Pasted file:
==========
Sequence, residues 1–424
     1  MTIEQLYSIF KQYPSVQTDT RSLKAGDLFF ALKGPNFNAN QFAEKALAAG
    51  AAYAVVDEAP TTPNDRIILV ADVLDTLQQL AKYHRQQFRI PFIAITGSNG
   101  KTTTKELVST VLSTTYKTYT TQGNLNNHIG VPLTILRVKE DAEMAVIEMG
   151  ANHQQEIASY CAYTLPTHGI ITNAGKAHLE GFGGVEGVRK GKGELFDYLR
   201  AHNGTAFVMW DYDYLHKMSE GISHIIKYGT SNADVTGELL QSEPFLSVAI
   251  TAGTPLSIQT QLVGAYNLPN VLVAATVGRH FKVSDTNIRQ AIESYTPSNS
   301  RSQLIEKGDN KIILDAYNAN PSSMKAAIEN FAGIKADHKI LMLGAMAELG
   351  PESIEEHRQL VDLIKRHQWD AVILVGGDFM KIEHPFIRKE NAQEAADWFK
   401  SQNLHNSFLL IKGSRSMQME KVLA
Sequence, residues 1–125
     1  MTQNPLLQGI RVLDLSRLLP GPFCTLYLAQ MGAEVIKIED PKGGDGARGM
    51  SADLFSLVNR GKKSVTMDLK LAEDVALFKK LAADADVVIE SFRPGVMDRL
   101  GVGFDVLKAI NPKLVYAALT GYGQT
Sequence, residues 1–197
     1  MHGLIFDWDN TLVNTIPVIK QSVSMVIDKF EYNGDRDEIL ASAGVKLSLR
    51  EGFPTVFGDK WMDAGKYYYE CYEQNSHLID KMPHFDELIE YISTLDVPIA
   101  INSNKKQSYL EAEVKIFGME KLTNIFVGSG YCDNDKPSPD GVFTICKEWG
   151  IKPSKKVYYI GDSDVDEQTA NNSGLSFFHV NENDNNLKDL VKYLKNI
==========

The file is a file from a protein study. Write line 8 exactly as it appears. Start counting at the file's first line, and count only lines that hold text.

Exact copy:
   301  RSQLIEKGDN KIILDAYNAN PSSMKAAIEN FAGIKADHKI LMLGAMAELG